A trauma medical kit (aka IFAK or blowout kit) is an essential component of your survival gear. Whether it’s just heading off the beaten track or a full scale ‘apocalypse’ situation, you should never be without one. This barebones kit is designed to cover anything from small cuts to major traumatic injuries. You should have the following core essentials inside:
- Medic Pouch – I’d recommend an army style medic pouch to put everything in; IFAK’s are usually too small. The Condor EMT Rip-away Pouch is a good starter.
- Trauma Shears – Get a pair of good quality ones as the cheap ones won’t be able to cope with heavier materials and zippers. They’re often advertised as “EMT Shears”
- CPR Faceshield – For the mouth to mouth resuscitation as a protective barrier
- Disposable Examination Gloves – Preferably nitrile even though they are more expensive due to some casualties being allergic to latex; it’s a good idea to have two pairs in this kit.
- CAT, SWAT-T or TK4 Tourniquet – Varying prices, a TK-4 will do the job if budget is a problem
- OPA’s – Oropharyngeal airways for maintaining clear airways of unconscious casualties; carry various sizes; there are several cons with using OPA’s so you may want to opt for the nasal alternative called the NPA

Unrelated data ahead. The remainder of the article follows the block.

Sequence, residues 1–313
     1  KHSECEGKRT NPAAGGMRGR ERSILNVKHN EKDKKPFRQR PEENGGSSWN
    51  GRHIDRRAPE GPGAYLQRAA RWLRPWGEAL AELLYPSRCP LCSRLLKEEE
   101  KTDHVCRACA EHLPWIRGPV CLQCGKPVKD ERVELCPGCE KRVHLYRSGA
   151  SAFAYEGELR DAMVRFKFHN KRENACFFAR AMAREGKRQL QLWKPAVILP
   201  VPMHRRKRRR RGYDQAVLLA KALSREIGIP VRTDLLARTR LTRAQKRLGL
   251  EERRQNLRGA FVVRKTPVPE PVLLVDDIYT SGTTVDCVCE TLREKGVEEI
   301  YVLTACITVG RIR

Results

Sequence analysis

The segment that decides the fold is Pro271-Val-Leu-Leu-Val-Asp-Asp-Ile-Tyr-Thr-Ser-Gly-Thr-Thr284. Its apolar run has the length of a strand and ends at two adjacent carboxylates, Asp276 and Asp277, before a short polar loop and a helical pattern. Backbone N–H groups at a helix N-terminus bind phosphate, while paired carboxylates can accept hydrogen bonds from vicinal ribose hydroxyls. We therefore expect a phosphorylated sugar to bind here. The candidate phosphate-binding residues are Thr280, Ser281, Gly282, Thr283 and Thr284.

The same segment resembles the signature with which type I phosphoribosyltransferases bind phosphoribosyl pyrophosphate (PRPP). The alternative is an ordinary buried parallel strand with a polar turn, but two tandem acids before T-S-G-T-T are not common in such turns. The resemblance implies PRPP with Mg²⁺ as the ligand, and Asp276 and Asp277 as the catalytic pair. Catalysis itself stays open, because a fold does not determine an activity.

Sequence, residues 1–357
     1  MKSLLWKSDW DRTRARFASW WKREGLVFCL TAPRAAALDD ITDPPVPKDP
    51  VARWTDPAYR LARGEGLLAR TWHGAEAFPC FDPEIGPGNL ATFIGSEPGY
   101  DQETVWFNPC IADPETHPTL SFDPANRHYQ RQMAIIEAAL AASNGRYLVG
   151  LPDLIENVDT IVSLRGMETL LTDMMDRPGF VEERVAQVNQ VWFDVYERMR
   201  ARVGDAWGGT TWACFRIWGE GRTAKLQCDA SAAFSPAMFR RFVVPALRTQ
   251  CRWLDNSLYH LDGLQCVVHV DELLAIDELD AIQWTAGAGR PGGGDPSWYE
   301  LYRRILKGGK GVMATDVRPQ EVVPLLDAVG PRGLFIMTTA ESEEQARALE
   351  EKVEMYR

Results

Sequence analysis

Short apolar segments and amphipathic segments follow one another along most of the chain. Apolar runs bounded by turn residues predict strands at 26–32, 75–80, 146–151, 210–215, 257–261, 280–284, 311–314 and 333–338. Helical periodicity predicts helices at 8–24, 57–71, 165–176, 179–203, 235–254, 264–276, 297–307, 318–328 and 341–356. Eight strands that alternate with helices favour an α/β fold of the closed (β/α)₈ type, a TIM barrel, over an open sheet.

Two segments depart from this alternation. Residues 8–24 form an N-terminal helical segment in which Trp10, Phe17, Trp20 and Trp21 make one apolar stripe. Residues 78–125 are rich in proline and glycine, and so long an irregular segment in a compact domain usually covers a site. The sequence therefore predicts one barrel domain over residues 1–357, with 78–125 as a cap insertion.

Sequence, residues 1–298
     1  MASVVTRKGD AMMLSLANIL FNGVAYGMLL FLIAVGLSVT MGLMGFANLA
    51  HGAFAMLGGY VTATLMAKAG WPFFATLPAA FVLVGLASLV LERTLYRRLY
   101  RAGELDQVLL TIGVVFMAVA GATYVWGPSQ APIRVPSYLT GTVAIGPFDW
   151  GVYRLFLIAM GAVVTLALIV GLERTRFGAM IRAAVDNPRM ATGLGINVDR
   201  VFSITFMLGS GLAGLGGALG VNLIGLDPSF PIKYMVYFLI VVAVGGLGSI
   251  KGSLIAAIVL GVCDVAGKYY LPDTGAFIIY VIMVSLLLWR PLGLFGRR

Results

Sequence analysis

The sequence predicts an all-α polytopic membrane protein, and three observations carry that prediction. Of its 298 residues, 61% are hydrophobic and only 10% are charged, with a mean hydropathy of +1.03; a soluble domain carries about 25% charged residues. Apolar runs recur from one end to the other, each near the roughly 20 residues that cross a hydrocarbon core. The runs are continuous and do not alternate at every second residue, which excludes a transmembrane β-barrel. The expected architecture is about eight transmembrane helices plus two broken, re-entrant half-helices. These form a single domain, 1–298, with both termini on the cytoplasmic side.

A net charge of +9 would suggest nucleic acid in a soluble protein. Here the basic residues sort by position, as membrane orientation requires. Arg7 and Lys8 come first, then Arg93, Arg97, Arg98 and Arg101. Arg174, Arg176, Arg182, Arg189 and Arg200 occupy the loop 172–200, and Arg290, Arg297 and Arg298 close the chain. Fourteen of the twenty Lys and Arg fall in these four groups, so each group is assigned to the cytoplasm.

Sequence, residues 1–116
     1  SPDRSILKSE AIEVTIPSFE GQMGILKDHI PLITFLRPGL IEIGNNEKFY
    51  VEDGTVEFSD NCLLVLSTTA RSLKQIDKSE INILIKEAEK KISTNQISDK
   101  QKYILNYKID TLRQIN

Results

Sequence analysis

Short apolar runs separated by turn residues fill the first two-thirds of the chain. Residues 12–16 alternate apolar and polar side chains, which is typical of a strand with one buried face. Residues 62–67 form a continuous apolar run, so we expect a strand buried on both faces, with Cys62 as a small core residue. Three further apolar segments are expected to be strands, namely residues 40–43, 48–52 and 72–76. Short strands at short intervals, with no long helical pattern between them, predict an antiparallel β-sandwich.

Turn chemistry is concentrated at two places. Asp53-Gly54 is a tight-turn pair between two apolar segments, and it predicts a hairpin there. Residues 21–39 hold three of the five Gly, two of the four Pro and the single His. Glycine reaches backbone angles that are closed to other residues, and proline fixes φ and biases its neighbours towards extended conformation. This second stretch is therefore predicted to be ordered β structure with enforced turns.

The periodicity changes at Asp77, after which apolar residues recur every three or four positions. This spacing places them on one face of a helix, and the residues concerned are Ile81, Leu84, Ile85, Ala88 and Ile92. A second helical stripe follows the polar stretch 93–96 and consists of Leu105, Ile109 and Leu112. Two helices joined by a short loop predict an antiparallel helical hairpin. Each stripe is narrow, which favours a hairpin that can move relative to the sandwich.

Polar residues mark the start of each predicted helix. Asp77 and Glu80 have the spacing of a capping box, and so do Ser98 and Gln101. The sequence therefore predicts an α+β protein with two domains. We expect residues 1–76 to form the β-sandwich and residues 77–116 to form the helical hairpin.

- Israeli Bandage – This stuff is excellent at absorbing blood from gunshot wounds and hemorrhaging; can be used as a makeshift tourniquet as a last resort
- Triangular Bandage – Slings for broken limbs; also can be used for stopping bleeding
- QuikClot Trauma Pack – This includes QuikClot Clotting Gauze as well as assorted gauze, duct tape and PPE for first response
- Medical Tape Roll – Multiples uses including securing gauze pads and chest seal; can be used in lieu of butterfly sutures in a pinch
- Gauze Pads – You can never have enough gauze on hand – especially in an instance where a casualty is bleeding out
- Chest Seal – For dealing with sucking chest wounds; this can be a sterile plastic sheet or bag
Oh and don’t just think you’re all set with a fully-equipped trauma kit. It is pretty much useless if you don’t know how to use what’s inside it. Do you know how to perform CPR? Properly treat major bleeding? What about a severed limb? A sucking chest wound? Maintain someone’s airway? I recommend that you do at least a basic first aid or emergency life support course through providers such as St John Ambulance and the Red Cross.